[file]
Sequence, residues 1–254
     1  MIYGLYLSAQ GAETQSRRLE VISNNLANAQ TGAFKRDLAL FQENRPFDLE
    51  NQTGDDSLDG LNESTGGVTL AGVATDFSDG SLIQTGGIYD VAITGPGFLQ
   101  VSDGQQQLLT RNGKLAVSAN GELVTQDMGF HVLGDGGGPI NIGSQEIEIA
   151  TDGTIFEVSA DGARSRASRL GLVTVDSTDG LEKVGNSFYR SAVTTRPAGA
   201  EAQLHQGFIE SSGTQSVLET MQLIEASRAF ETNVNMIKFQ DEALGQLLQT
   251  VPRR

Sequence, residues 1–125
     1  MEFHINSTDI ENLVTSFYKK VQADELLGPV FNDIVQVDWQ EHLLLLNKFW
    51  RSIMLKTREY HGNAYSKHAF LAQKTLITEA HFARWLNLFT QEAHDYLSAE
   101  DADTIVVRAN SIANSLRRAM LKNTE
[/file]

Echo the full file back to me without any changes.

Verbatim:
Sequence, residues 1–254
     1  MIYGLYLSAQ GAETQSRRLE VISNNLANAQ TGAFKRDLAL FQENRPFDLE
    51  NQTGDDSLDG LNESTGGVTL AGVATDFSDG SLIQTGGIYD VAITGPGFLQ
   101  VSDGQQQLLT RNGKLAVSAN GELVTQDMGF HVLGDGGGPI NIGSQEIEIA
   151  TDGTIFEVSA DGARSRASRL GLVTVDSTDG LEKVGNSFYR SAVTTRPAGA
   201  EAQLHQGFIE SSGTQSVLET MQLIEASRAF ETNVNMIKFQ DEALGQLLQT
   251  VPRR

Sequence, residues 1–125
     1  MEFHINSTDI ENLVTSFYKK VQADELLGPV FNDIVQVDWQ EHLLLLNKFW
    51  RSIMLKTREY HGNAYSKHAF LAQKTLITEA HFARWLNLFT QEAHDYLSAE
   101  DADTIVVRAN SIANSLRRAM LKNTE